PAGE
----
Malcolm Wicks: Let me see if I can help the hon. Gentleman with his confusion. Centre stage is the concept of the fund, which will be at arms length from the company, so that it cannot draw on it. Generally,
We are consulting on that matter, but it is early days, and want to seek expert advice and to hear from the industry and others. We are saying that a company could front-load a scheme. I do not mean that it would write a cheque for, say, £600 million on day oneit could, if it wanted to, but I doubt that it wouldbut that it might front-load in the early years to build up a reasonable amount of money to guard against eventualities. However, if the company felt that it would rather take a more rational and straight-lined approach, it would be allowed to do so only if other securities were available. We are discussing that with the industry. A company wishing to take a straight-lined approach could say, Here are some bonds, or, Here is an insurance scheme. That could be an alternative if the company could provide clear guarantees from the parent company. I hope that the hon. Gentleman is happy with that.
The hon. Member for Wealden asked for clarification on the length of time it takes for waste to cool before it can be disposed of and on the Governments strategy for interim storage. Our base case, set out in the guidance, assumes that spent fuel will be stored in cooling ponds for a period following removal from the reactor, which follows best practice and advice from experts. The length of that period will depend on a number of factors and will need to satisfy the requirements of the regulators. Spent fuel will then be transferred to interim stores, the design of which must be agreed with regulators and meet UK regulatory requirements.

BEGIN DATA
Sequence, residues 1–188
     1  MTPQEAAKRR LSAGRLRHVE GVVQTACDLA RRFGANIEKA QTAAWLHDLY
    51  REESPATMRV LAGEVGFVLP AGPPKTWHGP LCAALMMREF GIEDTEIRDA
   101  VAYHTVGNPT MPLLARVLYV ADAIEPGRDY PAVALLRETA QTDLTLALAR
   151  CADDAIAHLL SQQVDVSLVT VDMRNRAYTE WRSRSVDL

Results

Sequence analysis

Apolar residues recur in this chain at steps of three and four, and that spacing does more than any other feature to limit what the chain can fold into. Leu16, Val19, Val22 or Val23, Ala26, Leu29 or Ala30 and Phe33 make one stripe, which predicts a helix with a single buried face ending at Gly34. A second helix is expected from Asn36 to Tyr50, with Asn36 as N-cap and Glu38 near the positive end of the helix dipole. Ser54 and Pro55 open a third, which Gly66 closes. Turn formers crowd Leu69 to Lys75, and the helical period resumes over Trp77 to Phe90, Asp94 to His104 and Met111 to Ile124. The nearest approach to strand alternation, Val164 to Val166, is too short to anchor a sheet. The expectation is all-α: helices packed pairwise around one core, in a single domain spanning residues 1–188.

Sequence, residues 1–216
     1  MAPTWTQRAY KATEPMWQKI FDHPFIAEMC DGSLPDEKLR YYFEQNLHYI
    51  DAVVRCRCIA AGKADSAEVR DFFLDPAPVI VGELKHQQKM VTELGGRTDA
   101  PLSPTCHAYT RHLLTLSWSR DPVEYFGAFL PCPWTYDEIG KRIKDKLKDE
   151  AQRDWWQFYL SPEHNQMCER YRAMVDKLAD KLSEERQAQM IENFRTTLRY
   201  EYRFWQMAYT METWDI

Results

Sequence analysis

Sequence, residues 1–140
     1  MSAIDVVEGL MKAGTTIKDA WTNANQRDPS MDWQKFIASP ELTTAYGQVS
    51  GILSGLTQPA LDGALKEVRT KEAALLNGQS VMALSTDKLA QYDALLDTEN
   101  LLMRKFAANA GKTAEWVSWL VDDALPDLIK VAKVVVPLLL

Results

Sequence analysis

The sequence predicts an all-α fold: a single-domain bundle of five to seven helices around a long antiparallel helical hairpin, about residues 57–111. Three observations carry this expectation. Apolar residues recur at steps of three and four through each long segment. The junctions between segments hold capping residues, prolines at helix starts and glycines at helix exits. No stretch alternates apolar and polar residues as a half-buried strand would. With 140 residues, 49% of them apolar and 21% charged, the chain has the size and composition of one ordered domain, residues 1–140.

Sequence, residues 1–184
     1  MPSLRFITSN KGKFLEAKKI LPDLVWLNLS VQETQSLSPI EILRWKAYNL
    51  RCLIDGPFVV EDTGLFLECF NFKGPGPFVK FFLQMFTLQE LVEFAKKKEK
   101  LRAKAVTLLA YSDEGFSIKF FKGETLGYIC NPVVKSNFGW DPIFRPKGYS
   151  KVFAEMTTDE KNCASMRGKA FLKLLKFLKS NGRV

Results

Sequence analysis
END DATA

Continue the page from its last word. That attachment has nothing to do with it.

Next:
Finally, the hon. Member for St. Albans asked about payment holidays. Having read a note that I have received, I think that I have dealt with that. The crucial things are that the moneys build up to the necessary level and that the fund will be regularly reviewed to ensure that it is on course.
Steve Webb: I shall not sleep tonight, unless I get this straight in my head. My assertion is that company pensions went wrong and did not have enough to meet the liabilities, despite all the safeguards that we are talking about, because there were quinquennial reviews. A lot of this money will presumably be invested in the stock market, although not necessarily in a risky way. However, this is a long-term investment so presumably it will be risky. Stock markets can fall 5 per cent. in a day, so how can the Minister be confident about what will happen the moment the balloon goes up or the insolvency event happens, or whatever? There is a way of keeping an eye on things annually. However, the Minister used the word quinquennial. We know that when such things happen over time things can change dramatically, funds can be underfunded and the taxpayer might have to fill the gap. Since that is and was a concern in respect of pensions, why could it not happen in this case?